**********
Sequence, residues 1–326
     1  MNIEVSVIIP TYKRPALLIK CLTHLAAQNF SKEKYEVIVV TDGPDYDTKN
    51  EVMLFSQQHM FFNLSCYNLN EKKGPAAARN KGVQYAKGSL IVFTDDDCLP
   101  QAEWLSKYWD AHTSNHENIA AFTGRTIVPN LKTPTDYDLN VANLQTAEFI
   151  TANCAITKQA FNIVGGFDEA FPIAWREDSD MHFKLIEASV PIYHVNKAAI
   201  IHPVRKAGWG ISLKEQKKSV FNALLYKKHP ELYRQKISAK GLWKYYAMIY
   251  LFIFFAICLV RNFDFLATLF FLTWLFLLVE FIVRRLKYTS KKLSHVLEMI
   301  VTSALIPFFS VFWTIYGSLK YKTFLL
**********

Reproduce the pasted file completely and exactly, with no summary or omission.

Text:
Sequence, residues 1–326
     1  MNIEVSVIIP TYKRPALLIK CLTHLAAQNF SKEKYEVIVV TDGPDYDTKN
    51  EVMLFSQQHM FFNLSCYNLN EKKGPAAARN KGVQYAKGSL IVFTDDDCLP
   101  QAEWLSKYWD AHTSNHENIA AFTGRTIVPN LKTPTDYDLN VANLQTAEFI
   151  TANCAITKQA FNIVGGFDEA FPIAWREDSD MHFKLIEASV PIYHVNKAAI
   201  IHPVRKAGWG ISLKEQKKSV FNALLYKKHP ELYRQKISAK GLWKYYAMIY
   251  LFIFFAICLV RNFDFLATLF FLTWLFLLVE FIVRRLKYTS KKLSHVLEMI
   301  VTSALIPFFS VFWTIYGSLK YKTFLL